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At CPAC, most students were talking about how they’re mistreated on campus

As a college student, I have been called a terrorist, a fascist pig, a conservative bimbo and a brainwashed conservative because of my Republican and Constitutional principles.

But I can honestly say I am one of the lucky ones.

I have never had my grades docked, been yelled at during the middle of class by a professor, or had my extracurricular campus clubs discriminated against. But peers across the nation have.

Right-of-center students face constant bias and oppression on campus, and I was reminded of how pressing a problem this is when I attended CPAC recently.

The issue of free speech limitations and mistreatment because of students’ ideologies was the main talking point among college students at the event — and this was before President Donald Trump made an announcement pledging to issue an executive order to deny federal research funds to colleges and universities that do not support free speech.

But after he said this, students rose from their seats and boisterously cheered.

Here is just a snapshot of what some of my friends have faced over the years.

Chloe Chappell, a student at the University of Pittsburgh, has been called the “conservative paper bitch” simply because she writes for a right-leaning publication on campus. Beyond this, when she tried to seek academic credit for her internship for the Pennsylvania Republican Party, her advisor refused and told her “that’s not a real internship,” even though other students were earning credit for similar internships with left-leaning groups. Chappell was forced to appeal to her dean, and was eventually granted academic credit for her internship, but it was beyond unfair for her to have to fight for credit when it’s granted to liberal students automatically.

When Jaime Hahn, a student at Kennesaw State University, decided to start a Young Americans for Freedom chapter, she immediately faced an uphill battle. At the time, Kennesaw State grouped student organizations within a tier system, and it placed YAF in the bottom, which meant the organization was unable to request funding for events. The group’s request for funds to host Katie Pavlich was denied, and adding insult to injury, the group was required to pay an absurd security fee, even though it was estimated only about 100 people would attend. But the university had deemed Pavlich “controversial.” YAF and Alliance Defending Freedom assisted in filing a lawsuit against the university and they won the suit in October. Kennesaw State agreed to change policies regarding the fees and the arbitrary tier system.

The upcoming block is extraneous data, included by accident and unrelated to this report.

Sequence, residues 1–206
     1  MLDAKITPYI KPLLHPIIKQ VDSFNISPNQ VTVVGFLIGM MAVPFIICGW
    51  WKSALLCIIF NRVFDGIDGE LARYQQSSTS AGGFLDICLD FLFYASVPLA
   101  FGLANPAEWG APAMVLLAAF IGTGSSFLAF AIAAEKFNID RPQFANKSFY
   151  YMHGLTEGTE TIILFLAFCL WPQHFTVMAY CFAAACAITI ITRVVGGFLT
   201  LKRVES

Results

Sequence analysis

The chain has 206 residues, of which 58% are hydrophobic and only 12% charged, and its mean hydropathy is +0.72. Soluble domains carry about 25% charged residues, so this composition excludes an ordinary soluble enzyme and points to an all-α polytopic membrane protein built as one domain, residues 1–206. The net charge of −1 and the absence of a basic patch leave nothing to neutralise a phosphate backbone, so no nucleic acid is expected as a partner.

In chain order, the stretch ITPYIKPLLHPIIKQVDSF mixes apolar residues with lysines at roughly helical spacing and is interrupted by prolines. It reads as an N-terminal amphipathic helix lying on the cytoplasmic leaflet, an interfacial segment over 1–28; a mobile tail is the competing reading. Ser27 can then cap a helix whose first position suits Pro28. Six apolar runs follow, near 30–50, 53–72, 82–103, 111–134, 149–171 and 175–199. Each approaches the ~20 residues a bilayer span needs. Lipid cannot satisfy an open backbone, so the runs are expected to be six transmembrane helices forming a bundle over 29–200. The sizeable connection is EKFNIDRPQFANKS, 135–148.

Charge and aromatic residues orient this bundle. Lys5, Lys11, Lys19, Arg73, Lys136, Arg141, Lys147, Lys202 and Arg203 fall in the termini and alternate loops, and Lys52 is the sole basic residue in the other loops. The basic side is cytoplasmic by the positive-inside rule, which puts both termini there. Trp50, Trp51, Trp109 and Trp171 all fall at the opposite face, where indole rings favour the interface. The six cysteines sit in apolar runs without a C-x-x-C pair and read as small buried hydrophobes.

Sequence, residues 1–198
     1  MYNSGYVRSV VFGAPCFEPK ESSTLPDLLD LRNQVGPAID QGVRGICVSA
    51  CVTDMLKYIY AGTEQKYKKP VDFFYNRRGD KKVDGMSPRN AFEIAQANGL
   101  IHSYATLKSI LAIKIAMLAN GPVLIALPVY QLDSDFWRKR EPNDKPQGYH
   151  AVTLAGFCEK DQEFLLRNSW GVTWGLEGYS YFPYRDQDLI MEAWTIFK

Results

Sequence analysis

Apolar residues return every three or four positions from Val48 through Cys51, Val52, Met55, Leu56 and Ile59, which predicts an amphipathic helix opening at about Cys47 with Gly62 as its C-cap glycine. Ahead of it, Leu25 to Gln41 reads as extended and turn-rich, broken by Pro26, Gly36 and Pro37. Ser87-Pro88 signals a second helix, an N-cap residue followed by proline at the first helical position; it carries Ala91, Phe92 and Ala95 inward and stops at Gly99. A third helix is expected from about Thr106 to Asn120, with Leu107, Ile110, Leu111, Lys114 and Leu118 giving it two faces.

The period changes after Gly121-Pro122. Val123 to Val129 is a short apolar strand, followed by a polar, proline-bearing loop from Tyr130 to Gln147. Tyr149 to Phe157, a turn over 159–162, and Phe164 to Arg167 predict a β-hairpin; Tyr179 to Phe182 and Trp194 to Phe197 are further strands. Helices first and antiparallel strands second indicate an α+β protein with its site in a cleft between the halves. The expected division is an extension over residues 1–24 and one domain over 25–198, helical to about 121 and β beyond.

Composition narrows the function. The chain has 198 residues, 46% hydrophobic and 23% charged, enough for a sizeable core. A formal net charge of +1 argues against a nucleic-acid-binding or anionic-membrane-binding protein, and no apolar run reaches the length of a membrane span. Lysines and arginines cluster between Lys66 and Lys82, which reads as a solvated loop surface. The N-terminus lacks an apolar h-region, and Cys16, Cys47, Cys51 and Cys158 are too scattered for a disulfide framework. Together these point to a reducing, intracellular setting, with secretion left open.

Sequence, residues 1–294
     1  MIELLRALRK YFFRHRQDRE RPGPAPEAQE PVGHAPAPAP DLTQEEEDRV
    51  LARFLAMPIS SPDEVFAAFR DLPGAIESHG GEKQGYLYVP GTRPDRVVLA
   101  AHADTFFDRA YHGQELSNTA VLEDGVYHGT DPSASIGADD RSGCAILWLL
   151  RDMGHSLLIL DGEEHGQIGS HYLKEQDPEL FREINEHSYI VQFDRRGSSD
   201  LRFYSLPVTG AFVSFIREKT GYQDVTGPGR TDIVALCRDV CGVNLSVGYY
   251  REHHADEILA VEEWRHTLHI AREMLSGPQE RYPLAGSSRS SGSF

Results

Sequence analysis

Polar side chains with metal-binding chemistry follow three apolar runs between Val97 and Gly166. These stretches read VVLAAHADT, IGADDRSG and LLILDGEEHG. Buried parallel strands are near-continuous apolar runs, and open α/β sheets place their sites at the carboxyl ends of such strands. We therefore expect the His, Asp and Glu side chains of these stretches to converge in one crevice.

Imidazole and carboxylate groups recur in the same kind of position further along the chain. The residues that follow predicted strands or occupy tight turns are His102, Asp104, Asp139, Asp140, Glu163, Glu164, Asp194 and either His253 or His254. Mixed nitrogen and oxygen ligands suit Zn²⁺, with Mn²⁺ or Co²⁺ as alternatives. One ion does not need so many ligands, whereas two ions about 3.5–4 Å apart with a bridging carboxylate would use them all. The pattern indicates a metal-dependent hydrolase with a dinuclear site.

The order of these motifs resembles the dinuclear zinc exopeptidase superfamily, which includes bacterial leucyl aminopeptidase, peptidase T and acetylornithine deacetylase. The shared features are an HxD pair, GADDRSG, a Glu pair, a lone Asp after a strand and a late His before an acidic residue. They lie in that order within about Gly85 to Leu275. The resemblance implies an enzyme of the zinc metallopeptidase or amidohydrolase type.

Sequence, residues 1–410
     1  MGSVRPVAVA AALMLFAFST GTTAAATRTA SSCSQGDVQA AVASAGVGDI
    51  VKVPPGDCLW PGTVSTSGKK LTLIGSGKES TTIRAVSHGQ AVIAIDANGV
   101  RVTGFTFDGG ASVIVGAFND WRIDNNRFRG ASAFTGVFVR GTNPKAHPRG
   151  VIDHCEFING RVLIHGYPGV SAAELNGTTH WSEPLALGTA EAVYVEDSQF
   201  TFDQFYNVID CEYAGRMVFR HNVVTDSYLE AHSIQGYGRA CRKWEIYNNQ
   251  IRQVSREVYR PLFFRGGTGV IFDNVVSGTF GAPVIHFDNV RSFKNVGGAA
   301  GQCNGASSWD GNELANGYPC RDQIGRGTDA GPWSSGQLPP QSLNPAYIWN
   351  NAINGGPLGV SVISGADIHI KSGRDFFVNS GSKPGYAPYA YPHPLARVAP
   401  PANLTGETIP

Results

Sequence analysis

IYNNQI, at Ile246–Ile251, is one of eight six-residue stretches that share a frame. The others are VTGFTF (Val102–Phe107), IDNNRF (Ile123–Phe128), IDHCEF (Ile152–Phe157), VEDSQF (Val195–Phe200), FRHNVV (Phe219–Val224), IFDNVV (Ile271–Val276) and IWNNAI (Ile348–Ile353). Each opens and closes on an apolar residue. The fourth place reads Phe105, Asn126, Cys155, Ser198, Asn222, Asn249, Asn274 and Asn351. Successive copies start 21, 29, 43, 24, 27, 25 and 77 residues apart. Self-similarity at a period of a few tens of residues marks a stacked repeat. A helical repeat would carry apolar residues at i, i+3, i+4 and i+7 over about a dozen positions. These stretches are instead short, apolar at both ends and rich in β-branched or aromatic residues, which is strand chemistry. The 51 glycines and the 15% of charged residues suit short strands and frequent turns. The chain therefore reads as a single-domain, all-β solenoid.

Bridgette Custis, a former student at Merrimack College, faced an inappropriate interaction with her professor in a sociology course her junior year. She didn’t speak much in class, except to pose clarifying questions, even though it was clear she and her professor had very differing views. He would bring a Bernie Sanders mug to class every day and she had conservative stickers displayed on her laptop. Then one day the topic of the class was the Communist Manifesto, and their differences were brought to a boil. Her professor called on her without her hand being raised and asked her, “Why do you think this is such a terrible thing?” Custis politely responded by saying “well in a true communist society no-one would have incentive to work, so no one would. This causes food prices to skyrocket and basic necessities become a luxury.” The professor replied “that’s not true; communism has never actually been tried.” Custis again responded, in attempt to end the conversation by saying, “I believe that you are mistaken and many countries have tried and failed, however, that is a debate for a different class as right now we are supposed to be learning the theories behind things, not the outcome in the modern world.” The conversation ended by the professor telling Custis, “You and your people are THE WORST thing to happen to this country. America is not and never has been great.” Custis was so uncomfortable in class that she felt the need to pack her bag and leave the classroom.

It is ironic that the left are the ones who always loudly pride themselves as being open minded and accepting, but in practice are the ones who limit the thought of conservative thinkers.

This has been an ongoing problem and conservative students are working hard to ensure that they are not silenced. I proudly stand by those who support real free speech and do not try to limit those who oppose them.

MORE: I called for diversity of thought. My peers compared me to a neo-Nazi.

IMAGE: Tyler Olsen / Shutterstock

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About the Author
Maddison Meeks is an undergraduate student at the University of Colorado, Boulder, double majoring in political science and philosophy. She is an avid supporter of the Constitution, especially the First and Second Amendments. When she isn’t debating politics or writing articles, you can find her hanging out with her dog, Sawyer.

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